23 February 2016
Many of you will have read my earlier posts about SpruceHaven and the marvelous opportunity that has been afforded me to help shape the evolution of a farm into a wildlife preserve.
A few weeks ago I asked Dave whether he would consider installing a nest box for Eastern Screech Owl Megascops asio. In that enthusiastic fashion of his, a character that defines his very personality, he replied without hesitation, "How about two or three?"
And so it was that yesterday we installed three houses for this endearing little owl.
Initially I had ordered the three boxes from Wild Birds Unlimited in Guelph, but they only had one in stock and would require several weeks to obtain the other two. We took the one box they had and Sam, a family friend of the Westfalls, immediately declared that he would make the other two. How fortunate this was because in the opinion of everyone the boxes constructed by him were quite superior to the one we got from the store.
Our "installation crew" consisted of Sam, John Lichty, Jamie and Sandy, and myself. Sam was clearly the leader, for not only had he constructed superb nest boxes, he came well prepared to handle the installation, with a ladder, a full range of tools, safety equipment, a toboggan to facilitate moving across a snowy field, and know-how. Sam quite rightly stated that any project involves about eighty percent preparation and twenty percent execution. He was superbly prepared.
Here are Sam and John unloading Sam's car and starting to assemble the gear onto a cart.
This is a full service nest box service so Sam and John stuffed a combination of wood shavings and dried grass into each box to provide a soft substrate for the eggs we hope will be laid there.
I had scouted the woodlot ahead of time and had selected trees for the installation of what originally would have been two boxes. Here is one of the boxes made by Sam sitting at the bottom of the first tree, a Sugar Maple Acer saccharum.
Every member of our crew seemed up for the task!
While John was assembling the ladder Sam was checking the compass on his smart phone to ensure that we had the correct orientation.
The ladder was secured in place.
And Sam tied himself off to permit safe working while having the range of movement required to position and install the nest box.
In order to get the nest box in position Sam hammered in a single nail on which to hang the box pending the serious business of attaching it securely and permanently.
It turned out to be quite a challenge to get this box installed. The term "hardwood" was never more apt than when describing this maple. Bolts broke, bits broke and it was extremely difficult to drill pilot holes. Sam persevered doggedly; no doubt sore wrists and elbows will be the price he paid.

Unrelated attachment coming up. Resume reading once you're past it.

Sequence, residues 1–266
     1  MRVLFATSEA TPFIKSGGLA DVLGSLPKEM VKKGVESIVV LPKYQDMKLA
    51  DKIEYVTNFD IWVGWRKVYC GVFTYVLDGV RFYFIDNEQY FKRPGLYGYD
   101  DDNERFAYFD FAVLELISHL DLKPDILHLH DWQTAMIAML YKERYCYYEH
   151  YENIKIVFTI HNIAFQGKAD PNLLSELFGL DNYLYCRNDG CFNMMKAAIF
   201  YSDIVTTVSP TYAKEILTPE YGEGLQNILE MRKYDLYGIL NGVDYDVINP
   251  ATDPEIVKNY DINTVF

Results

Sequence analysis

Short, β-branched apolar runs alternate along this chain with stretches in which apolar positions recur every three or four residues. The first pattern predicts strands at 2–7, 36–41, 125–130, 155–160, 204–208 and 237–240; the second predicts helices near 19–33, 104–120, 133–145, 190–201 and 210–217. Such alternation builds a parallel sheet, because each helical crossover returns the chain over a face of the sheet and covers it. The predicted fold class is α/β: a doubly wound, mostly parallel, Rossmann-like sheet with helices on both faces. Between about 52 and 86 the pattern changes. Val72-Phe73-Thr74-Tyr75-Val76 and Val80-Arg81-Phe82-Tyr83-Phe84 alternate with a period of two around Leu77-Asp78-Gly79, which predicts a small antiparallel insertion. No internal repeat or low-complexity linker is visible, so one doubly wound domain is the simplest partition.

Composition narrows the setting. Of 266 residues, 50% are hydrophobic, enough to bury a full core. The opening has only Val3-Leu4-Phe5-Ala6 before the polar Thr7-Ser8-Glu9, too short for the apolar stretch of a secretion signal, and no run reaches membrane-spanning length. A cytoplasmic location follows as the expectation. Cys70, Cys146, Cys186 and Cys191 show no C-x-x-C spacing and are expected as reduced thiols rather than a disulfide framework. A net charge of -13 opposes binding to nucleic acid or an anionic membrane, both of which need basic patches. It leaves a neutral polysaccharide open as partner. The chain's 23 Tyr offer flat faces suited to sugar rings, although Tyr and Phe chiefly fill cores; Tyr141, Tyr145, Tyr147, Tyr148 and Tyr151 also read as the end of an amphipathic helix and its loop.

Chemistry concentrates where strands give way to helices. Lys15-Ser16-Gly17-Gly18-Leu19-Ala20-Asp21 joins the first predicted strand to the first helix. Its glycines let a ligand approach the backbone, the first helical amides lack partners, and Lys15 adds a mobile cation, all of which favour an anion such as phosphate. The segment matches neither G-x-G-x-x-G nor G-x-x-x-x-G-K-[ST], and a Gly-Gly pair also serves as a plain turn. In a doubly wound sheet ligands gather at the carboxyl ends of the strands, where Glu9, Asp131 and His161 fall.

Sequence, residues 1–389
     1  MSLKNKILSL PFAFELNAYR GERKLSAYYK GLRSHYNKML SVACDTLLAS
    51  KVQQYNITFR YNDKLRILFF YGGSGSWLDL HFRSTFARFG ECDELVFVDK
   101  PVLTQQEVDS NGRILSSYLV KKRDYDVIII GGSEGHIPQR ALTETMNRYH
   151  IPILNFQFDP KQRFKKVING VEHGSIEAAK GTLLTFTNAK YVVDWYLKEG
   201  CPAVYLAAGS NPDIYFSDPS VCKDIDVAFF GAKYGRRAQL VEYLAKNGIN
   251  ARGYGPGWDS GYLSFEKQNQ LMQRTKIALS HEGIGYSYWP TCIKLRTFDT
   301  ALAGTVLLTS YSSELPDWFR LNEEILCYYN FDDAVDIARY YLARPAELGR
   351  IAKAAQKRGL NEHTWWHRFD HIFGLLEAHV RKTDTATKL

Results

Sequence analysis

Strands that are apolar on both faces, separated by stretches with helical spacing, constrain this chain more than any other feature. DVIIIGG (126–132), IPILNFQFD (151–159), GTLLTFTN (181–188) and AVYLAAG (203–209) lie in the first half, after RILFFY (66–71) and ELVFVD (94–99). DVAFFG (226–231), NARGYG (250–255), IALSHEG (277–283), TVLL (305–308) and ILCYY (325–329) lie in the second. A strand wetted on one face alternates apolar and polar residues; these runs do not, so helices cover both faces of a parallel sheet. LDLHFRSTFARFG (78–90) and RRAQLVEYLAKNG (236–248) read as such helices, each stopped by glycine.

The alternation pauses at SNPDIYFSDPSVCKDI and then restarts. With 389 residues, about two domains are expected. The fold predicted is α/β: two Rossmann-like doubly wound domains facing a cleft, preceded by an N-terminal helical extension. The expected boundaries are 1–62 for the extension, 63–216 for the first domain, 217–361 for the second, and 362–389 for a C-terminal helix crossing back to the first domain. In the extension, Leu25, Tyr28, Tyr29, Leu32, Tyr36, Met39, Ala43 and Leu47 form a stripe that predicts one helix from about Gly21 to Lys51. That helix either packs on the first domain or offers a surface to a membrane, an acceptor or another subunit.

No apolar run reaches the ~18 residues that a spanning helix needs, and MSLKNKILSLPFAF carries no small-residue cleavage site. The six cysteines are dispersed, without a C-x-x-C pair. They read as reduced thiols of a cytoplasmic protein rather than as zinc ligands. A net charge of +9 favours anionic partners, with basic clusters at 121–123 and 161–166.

Finally the box was in place! Hallelujah said we all!
I mentioned above that I had selected two trees in the woodlot, but on the way over, Jamie wondered whether we should install one box on a tree bordering the swale and this seemed like an excellent idea. Sandy carried the nest box over; this one being the store-bought product.
The installation process was the same as in the wood lot, but by now it was old hat to Sam. Furthermore, the tree we chose offered far less resistance and installation was finished much more quickly.
Here is the line of sight from the hill across from the swale where we will be able to observe the comings and goings of the occupants.
The third box was destined to be erected quite close to the house, since Eastern Screech Owls are known to have no hesitation in occupying suitable dwellings in close proximity to their human friends.
John and Sandy are waiting for instructions from Sam!
This box was installed in record time.
No doubt because Dave had by now come along to supervise!
It was a superb combined effort and I owe a huge debt of gratitude to Dave, Sandy and Jamie for enthusiastically supporting the idea when I first proposed it, to Sam for buying into it and helping out in ways that we could never have foreseen, and to John Lichty, my stalwart brother-in-law, who I call on far too often to help with projects like this, and who never refuses.
We have three boxes in three different habitats and it is going to be really interesting to see which species inhabit which box. Our wish is for owls in all three but if a woodpecker or a cavity-nesting duck selects one as home we will not be disappointed.